Nostalgia Review – FilmTotaal Review
Director: mario martone | Script: Ermanno Rea, Mario Martone | Cast: Pierfrancesco Favino (Felice Lasco), Francesco Di Leva (Father Luigi Rega), Tommaso Ragno (Oreste Spasiano), Aurora Quattrocchi (Teresa Lasco), Sofia Essaïdi (Arlette), ea | Time to play: 117 minutes | Year: 2022
According to the modern encyclopedia called Wikipedia, nostalgia is a term derived from the Greek words nostos (return) and algos (sadness). It represents the feeling when one has lost something important or dear. This manifests itself in nostalgia for the past. Or to put it in much simpler words: before, everything was better, or at least that’s what people think.
Felice, in her fifties, is dealing with exactly that nagging feeling. Since childhood, the Italian lived in the working-class neighborhood of Sanità, just outside the hustle and bustle of Naples. Marked by absolute poverty, the violent Camorra mafia still rules this neighborhood. At the age of fifteen, young Felice went to Cairo to seek a better life there, at least it seems so.
When the Italian learns that his elderly mother’s health is becoming increasingly difficult, Felice returns to her hometown. He not only discovers the love of his mother, whom he has missed all these years, but also faces the real reason why he left the Sanità neighborhood behind. An old childhood friend has everything to do with it.
Director Mario Martone was deeply impressed by Ermanno Rea’s novel of the same name, which was published some five years ago. It was especially the key scene of the son bathing his mother that convinced the filmmaker that he should turn the book into a movie. The bathroom scene also leaves a very deep mark on the film. The confirmation that now the roles are reversed, that the end is near and, above all, the recognition that what has been done will not change.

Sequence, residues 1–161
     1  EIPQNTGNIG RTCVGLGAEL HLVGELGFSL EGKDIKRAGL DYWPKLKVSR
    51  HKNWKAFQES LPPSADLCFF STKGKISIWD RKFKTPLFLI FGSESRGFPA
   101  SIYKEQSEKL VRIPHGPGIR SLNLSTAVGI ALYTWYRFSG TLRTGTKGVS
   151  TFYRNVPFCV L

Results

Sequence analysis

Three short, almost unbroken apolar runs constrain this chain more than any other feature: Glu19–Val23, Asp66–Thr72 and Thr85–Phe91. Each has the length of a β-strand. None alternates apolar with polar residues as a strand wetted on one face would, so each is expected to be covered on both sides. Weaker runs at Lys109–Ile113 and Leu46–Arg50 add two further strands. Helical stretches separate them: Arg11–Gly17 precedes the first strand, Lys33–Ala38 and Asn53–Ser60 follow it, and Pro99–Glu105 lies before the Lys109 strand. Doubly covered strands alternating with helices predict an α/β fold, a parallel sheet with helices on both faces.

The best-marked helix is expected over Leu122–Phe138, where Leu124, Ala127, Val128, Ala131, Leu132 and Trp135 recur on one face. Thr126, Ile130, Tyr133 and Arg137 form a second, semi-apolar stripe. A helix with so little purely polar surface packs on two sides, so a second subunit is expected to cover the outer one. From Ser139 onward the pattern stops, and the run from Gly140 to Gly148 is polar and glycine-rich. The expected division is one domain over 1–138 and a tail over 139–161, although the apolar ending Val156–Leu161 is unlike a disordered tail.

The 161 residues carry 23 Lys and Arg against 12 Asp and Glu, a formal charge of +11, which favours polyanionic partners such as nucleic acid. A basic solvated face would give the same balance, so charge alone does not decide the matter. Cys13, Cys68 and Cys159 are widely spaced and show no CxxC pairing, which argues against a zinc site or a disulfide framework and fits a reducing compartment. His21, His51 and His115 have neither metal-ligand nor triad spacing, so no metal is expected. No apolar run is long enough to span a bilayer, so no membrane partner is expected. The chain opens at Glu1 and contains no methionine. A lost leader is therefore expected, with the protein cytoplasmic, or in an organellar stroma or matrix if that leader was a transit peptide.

While Nostalgia Now that it’s being screened in our author rooms, this title has already advanced a lot at festivals. It premiered at the Cannes Film Festival and a month later won four Nastro d’Argentos (Silver Ribbons) that were later reaffirmed with Italy’s participation in the 2023 Oscars as icing on the cake.
Nostalgia it is largely supported by the subdued but impressive performance of Pierfrancesco Favino, who walks through the maze of Neapolitan streets only to realize that nothing has changed. The melancholic image catapults him back to his hectic teenage years, which the moviegoer views through boxy amateur camera footage that looks like it came straight from a home projector.
Without falling into the clichés of mafia stories, Mario Martone shows Neapolitan life as it is. The beauty, but also the elusive gray of it and the undeniable power that the Catholic Church still has there. Nostalgia It not only shows the portrait of a man who denies himself and fights with him, but also that of a city that floats between splendor and horror. Nostalgia It is slow cinema, but one of those in which there is much to discover.